One patient from the 10 µg/kg cohort achieved complete response as their best clinical response. Overall, 43% (n = 26) of the total study population achieved a best clinical response of partial response, 45% (n = 18) of the 10 µg/kg cohort and 38% (n = 8) of the 30 µg/kg cohort. Additionally, 34% (n = 21) of the total population had stable disease as their best clinical response, 30% (n = 12) of the 10 µg/kg cohort and 43% (n = 9) of the 30 µg/kg cohort.

The median DOR was 5.7 months (95% CI, 3.9-7.4) and 5.7 months (95% CI, 2.3-9.2) in the 10 µg/kg and 30 µg/kg cohorts, respectively.

At a median follow-up of 6.7 months (range, 0-23.4) in the 10 µg/kg cohort and 7.4 months (range, 0.7-19.9) in the 30 µg/kg cohort, for a total median follow-up of 6.9 months (range, 0-23.4), the median PFS for both cohorts combined was 7.4 months (95% CI, 5.6-9.0), with 49 PFS events observed.

At a median follow-up of 14.9 months (range, 0.8-25.1) in the 10 µg/kg cohort and 9.4 months (range, 0.7-25.7) in the 30 µg/kg cohort, for a total median follow-up of 11.9 months (range, 0.7-25.7), the median OS for both cohorts combined was 13.8 months (95% CI, 7.8-16.2), with 47 OS events observed.

Patients had transient increases in circulating cytokines and chemokines in the peripheral blood associated with immune activation and trafficking after treatment. They also had increased activation on peripheral natural killer (NK) cells and T cells. The investigators observed a similar incidence of cytokine induction 4 hours after SEA-CD40 infusion in patients who had received SEA-CD40 monotherapy.

An evaluation of the changes in peripheral blood immune subsets after treatment showed no difference in the activation markers of peripheral immune subsets between the 2 dose levels. Across both cohorts, the investigators noted a transient decrease in circulating monocytes, NK cells, and CD4- and CD8-positive T cells 24 hours after SEA-CD40 infusion (corrected P < .05) and an increased expression of CD69 activation and Ki67 proliferation markers on circulating CD4- and CD8-positive T cells (corrected P < .05). Additionally, this analysis showed no significant change in circulating regulatory T-cell levels after SEA-CD40 infusion (P > .10).

Regarding safety, infusion-related reactions were the most common SEA-CD40–related AEs (grade 1-2, 56%; grade ≥3, 8%). Prior to initiating study therapy, all patients received mandatory H1 and H2 antihistamines, ibuprofen, acetaminophen, and an anti-emetic of investigator’s choice. All patients had a controlled infusion rate.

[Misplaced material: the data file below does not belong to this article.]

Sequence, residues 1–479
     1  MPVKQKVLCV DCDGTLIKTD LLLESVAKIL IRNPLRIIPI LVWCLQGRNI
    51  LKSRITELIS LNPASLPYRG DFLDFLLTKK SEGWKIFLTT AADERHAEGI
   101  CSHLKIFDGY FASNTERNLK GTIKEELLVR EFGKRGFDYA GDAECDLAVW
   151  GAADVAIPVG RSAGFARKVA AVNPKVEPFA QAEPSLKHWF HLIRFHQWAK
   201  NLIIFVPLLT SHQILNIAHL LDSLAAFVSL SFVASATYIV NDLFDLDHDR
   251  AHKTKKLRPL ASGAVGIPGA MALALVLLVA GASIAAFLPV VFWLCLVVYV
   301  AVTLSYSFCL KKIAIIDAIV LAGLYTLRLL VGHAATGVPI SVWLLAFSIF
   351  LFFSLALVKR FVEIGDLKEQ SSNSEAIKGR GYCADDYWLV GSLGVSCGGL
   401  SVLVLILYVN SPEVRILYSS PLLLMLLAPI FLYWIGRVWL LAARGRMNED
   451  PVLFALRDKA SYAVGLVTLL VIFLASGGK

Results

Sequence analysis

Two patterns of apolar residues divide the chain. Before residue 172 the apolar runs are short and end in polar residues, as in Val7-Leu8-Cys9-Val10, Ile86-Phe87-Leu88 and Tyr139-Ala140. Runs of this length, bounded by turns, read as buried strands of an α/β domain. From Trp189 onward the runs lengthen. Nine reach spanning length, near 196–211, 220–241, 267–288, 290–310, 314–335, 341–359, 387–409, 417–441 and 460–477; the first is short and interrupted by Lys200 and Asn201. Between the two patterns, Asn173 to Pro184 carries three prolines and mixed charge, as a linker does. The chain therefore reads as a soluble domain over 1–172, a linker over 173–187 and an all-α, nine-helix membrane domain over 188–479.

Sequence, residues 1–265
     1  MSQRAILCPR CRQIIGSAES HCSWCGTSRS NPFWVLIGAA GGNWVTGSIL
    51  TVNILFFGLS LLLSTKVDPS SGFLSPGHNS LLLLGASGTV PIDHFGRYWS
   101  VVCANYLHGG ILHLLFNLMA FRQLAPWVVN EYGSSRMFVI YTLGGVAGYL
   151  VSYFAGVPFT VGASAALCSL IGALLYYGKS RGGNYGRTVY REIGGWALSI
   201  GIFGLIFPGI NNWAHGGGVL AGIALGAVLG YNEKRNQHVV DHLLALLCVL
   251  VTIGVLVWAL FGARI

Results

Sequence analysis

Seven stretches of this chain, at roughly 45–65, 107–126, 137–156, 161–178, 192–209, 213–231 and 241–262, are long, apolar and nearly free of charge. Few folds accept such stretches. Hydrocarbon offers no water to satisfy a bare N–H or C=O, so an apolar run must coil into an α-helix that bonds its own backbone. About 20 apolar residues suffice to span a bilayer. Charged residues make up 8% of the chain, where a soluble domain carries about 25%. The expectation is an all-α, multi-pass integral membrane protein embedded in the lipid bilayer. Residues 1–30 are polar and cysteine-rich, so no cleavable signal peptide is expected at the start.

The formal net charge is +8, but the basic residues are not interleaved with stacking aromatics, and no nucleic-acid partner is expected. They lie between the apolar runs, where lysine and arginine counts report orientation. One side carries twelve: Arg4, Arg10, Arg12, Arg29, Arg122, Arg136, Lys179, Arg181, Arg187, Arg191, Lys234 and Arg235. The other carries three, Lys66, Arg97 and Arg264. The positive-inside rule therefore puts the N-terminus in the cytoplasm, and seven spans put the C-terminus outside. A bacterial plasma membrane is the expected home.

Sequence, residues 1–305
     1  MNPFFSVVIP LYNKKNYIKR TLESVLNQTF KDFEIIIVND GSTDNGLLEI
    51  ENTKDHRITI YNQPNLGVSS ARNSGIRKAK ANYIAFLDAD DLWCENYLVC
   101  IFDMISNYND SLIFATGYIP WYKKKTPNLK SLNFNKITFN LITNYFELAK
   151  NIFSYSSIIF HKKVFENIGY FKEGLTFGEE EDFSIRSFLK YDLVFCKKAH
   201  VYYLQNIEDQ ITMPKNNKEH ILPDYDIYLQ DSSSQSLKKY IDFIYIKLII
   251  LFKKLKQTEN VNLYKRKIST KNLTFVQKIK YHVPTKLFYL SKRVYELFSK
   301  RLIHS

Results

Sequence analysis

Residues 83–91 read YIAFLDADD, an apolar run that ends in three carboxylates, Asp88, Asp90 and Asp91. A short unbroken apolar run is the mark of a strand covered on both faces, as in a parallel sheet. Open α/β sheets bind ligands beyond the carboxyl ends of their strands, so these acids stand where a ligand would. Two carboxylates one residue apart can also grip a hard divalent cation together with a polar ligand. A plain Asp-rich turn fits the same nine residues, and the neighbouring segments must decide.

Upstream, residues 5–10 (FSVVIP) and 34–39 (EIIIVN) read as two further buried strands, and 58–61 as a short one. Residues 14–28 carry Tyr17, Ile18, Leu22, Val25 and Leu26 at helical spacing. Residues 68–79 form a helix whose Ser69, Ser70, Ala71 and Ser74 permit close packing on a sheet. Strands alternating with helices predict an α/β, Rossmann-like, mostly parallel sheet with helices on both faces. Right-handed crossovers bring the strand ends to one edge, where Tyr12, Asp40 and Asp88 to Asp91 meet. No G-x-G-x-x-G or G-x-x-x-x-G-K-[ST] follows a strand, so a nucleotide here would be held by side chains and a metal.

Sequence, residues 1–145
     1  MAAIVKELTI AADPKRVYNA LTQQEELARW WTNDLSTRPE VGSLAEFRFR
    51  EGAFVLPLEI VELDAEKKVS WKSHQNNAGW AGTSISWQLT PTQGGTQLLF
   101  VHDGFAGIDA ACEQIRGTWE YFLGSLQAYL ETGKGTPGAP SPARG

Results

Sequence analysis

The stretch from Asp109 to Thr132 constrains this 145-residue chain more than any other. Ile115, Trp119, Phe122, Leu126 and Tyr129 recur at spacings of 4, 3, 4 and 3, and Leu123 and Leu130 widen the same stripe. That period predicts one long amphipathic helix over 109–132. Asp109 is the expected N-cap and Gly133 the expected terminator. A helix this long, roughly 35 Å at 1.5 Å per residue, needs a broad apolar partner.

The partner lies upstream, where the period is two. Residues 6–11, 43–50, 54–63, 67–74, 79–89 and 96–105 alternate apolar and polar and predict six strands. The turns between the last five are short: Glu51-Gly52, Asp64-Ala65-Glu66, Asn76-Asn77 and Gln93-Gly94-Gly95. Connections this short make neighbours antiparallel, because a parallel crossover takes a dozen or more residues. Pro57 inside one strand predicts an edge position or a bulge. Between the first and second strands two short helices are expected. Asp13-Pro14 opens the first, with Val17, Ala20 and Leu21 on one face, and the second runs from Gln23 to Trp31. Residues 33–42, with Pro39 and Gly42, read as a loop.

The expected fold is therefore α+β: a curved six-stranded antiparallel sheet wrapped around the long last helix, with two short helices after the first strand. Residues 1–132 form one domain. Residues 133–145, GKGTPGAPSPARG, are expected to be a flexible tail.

Other treatment-related AEs (TRAEs) of grade 1 to 2 and grade 3 or higher, respectively, across both study cohorts included fatigue (16%; 5%), nausea (grade 1-2, 30%), neutropenia (3%; 8%), chills (52%; 2%), pyrexia (grade 1-2, 25%), and diarrhea (grade 1-2, 10%). Across both cohorts, treatment-emergent AEs of grade 1 to 2 and grade 3 or higher, respectively, were fatigue (66%; 18%), nausea (70%; 3%), neutropenia (7%; 61%), infusion-related reactions (56%; 8%), chills (61%; 2%), pyrexia (56%; 5%), and diarrhea (44%; 15%).

The 10 µg/kg cohort trended toward greater tolerability. Specifically, in this cohort, the TRAEs of grade 3 or higher were neutropenia (5%) and infusion-related reactions (19%). In the 30 µg/kg cohort, the TRAEs of grade 3 or higher were fatigue (14%), neutropenia (14%), infusion-related reactions (5%), and chills (5%).

AEs leading to treatment discontinuation included immune-mediated lung disease (8%, n = 3) and septic shock (3%, n = 1) with SEA-CD40 at 10 µg/kg and colitis (5%, n = 1) and portal vein thrombosis (5%, n = 1) with SEA-CD40 at 30 µg/kg.

“SEA-CD40 in combination with gemcitabine, nab-paclitaxel, and pembrolizumab has an acceptable safety profile. Evidence of immune activation in this study was consistent with the proposed SEA-CD40 mechanism of action,” the study authors concluded on the poster.

Editor’s Note: Dr Coveler has consulting or advisory roles with Abbvie, Halozyme, Merrimack, and Seattle Genetics; has received research funding from AbGenomics International (Inst), Actuate Therapeutics (Inst), Amgen (Inst), Amgen (Inst), Genentech (Inst), Gilead Sciences (Inst), Halozyme (Inst), Immunomedics (Inst), Lilly (Inst), MedImmune (Inst), Newlink Genetics (Inst), Nextrast (Inst), Novocure (Inst), Nucana (Inst), Onconova Therapeutics (Inst), Seattle Genetics (Inst), Surface Oncology (Inst), Taiho Pharmaceutical (Inst), and XBiotech (Inst); and has received travel or accommodations funding from Abbvie, Halozyme, and Nucana.

References

  1. Coveler AL, Gutierrez M, Vaccaro GM, et al. Updated results of a phase 1 study of SEA-CD40, gemcitabine, nab-paclitaxel, and pembrolizumab in patients with metastatic pancreatic ductal adenocarcinoma (PDAC) (SGNS40-001). J Clin Oncol. 2023;41(suppl 4):708. doi:10.1200/JCO.2023.41.3_suppl.708
  2. Byrne KT, Vonderheide RH. CD40 stimulation obviates innate sensors and drives T cell immunity in cancer. Cell Rep. 2016;15(12):2719-2732. doi:10.1016/j.celrep.2016.05.058